Organic activist to weigh in on pesticide debate

Documentary to be shown Monday

Paul Tukey, a promoter of organic lawn care who has supported restrictive ordinances on pesticides across North America, will weigh in on a proposed city ordinance to limit synthetic pesticides in Durango parks and other city-owned property.

Tukey, founder of Safelawns.org and author of The Organic Lawn Care Manual, will present his documentary, “A Chemical Reaction,” on Monday at the Smiley Building. The reception will begin at 6 p.m., followed by the film screening at 7 p.m. and a discussion at 8:15 p.m.

Tukey also said he plans to speak at a public hearing about the proposed ordinance during the regular City Council meeting, which will begin at 6:30 p,m. Tuesday.

Supported by a local citizens group called Organically Managed Parks Team Durango, the ordinance would encourage the city to use organic lawn care whenever possible and limit the use of chemical treatments.

City officials, lawn-care companies and supporters of the Hillcrest Golf Course and playing fields have either opposed or expressed skepticism about exclusively relying on organics, citing the cost and lack of need for organics.

The costs for maintaining city parks could increase from $34,550 to $237,450 annually and from $8,000 to $76,700 annually for maintaining the city’s natural lands, said Cathy Metz, director of the city’s parks and recreation department. The cost increases are based on the city having to rely on manual or mechanical removal of weeds and having to apply organic fertilizer monthly.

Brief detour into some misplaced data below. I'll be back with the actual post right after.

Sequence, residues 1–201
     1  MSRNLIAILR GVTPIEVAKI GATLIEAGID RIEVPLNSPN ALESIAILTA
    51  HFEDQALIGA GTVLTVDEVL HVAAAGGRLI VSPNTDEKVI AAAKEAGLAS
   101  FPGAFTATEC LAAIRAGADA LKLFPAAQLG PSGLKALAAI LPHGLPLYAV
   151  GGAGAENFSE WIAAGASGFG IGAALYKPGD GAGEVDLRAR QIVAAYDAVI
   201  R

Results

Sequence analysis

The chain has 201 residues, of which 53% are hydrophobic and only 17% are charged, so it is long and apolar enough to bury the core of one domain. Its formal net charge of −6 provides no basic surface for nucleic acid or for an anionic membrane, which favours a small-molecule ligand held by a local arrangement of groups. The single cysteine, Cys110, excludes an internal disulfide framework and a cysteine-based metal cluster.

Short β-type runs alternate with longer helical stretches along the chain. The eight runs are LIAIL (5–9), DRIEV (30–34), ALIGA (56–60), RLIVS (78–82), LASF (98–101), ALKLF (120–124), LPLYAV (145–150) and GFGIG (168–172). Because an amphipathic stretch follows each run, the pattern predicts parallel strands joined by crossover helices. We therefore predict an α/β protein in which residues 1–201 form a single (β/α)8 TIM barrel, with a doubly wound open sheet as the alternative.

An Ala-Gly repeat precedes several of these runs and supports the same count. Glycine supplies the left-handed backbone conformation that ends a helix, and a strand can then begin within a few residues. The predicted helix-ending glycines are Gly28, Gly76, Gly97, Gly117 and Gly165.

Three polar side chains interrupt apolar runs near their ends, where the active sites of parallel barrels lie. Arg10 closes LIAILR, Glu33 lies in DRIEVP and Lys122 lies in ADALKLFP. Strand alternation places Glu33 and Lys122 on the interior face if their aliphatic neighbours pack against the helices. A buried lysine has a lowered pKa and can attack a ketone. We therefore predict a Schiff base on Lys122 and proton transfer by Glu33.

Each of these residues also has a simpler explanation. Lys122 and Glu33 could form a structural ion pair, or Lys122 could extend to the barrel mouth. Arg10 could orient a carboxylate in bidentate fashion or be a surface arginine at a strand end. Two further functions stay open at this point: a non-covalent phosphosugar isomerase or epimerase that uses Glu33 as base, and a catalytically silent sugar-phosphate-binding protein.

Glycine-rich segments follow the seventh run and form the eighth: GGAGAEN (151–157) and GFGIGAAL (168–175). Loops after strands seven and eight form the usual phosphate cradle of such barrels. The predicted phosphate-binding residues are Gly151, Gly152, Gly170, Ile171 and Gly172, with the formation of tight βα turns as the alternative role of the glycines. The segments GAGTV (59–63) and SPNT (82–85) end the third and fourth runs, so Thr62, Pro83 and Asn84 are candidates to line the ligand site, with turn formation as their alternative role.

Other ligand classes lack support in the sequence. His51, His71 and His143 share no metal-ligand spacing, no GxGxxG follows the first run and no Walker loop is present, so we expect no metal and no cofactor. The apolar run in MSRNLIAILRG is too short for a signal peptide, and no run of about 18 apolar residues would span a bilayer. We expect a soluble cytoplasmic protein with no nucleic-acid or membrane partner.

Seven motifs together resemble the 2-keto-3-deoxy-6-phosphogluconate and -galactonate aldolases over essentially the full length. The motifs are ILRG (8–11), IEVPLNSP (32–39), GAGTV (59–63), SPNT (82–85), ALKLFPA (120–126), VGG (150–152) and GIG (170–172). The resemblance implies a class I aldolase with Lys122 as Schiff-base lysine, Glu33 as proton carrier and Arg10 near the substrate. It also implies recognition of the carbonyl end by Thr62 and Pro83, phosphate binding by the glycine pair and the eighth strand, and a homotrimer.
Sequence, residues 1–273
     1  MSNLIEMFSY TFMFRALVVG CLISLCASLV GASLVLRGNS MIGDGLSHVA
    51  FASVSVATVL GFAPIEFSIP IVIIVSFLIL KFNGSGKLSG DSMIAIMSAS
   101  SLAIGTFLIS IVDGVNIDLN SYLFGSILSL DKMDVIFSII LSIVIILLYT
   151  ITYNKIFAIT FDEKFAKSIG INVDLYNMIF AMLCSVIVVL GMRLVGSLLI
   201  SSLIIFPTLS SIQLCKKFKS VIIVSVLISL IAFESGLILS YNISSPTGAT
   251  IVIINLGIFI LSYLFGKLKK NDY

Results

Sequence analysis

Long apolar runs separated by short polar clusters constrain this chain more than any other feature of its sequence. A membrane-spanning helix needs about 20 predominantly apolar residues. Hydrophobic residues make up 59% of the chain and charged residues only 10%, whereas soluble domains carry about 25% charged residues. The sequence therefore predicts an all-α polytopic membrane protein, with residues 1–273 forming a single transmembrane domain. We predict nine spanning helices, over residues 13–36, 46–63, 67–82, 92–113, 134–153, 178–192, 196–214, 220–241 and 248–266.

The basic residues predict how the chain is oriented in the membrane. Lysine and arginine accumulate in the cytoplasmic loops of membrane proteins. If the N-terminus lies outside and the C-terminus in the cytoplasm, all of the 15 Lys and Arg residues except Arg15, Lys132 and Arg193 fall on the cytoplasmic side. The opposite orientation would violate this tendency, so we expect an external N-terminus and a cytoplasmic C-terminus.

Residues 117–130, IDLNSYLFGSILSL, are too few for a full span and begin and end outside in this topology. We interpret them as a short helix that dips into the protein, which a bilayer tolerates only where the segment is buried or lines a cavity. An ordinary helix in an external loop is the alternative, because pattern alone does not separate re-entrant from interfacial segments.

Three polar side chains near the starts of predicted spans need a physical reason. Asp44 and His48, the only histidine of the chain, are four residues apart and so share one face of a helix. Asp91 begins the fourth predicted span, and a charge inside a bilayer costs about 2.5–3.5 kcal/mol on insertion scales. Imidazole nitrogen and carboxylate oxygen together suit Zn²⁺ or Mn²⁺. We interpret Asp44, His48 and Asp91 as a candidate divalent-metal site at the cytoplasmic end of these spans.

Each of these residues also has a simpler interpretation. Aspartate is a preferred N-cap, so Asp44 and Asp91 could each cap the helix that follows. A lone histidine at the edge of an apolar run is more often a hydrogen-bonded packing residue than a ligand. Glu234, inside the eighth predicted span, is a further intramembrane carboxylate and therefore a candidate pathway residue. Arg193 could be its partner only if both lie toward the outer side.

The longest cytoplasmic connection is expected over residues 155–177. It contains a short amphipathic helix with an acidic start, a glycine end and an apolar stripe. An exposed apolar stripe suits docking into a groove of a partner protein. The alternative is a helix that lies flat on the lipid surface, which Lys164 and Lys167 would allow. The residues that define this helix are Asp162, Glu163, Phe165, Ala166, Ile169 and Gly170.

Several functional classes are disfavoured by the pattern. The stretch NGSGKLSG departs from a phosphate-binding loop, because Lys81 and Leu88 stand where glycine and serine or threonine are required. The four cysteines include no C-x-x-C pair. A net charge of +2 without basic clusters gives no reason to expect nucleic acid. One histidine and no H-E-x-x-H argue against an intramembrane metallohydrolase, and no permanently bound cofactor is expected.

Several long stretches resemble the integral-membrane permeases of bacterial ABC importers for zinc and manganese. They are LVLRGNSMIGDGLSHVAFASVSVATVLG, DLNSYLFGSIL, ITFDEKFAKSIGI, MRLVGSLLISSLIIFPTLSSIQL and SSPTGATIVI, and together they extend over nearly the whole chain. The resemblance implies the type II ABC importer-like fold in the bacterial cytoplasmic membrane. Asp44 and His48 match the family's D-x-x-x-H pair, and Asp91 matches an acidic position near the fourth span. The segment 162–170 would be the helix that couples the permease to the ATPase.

Opponents also argue that no one has gotten sick in Durango from pesticides and that the cities that tried organic lawn care have returned to using synthetics.

In a phone interview, Tukey said opposition is based on the “fear of the unknown” and reluctance to learn alternative methods of lawn care.

Landscapers don’t have to work “harder, just smarter,” he said.

He said organic methods become cheaper through time because of efficiencies. He argues that many “cosmetic” pesticides to remove dandelions and clover leaf are unnecessary anyway.

“No one has ever tripped over a dandelion,” he said.

Tukey said anyone older than 45 grew up playing on organically treated fields because synthetic pesticides were not introduced until the mid-1970s.

Because of the prevalence of childhood cancer and rising rates of autism and attention deficit disorders, Tukey said it’s ignorant to think children are not getting sick from pesticides.

As a former landscaper with a lawn-care company, Tukey said he became sick from the pesticides he was using.

Because of the dangers, he said most of Canada and the states of New York and Connecticut have limited the use of chemical treatments for playing fields and other public lands.

jhaug@durangoherald.com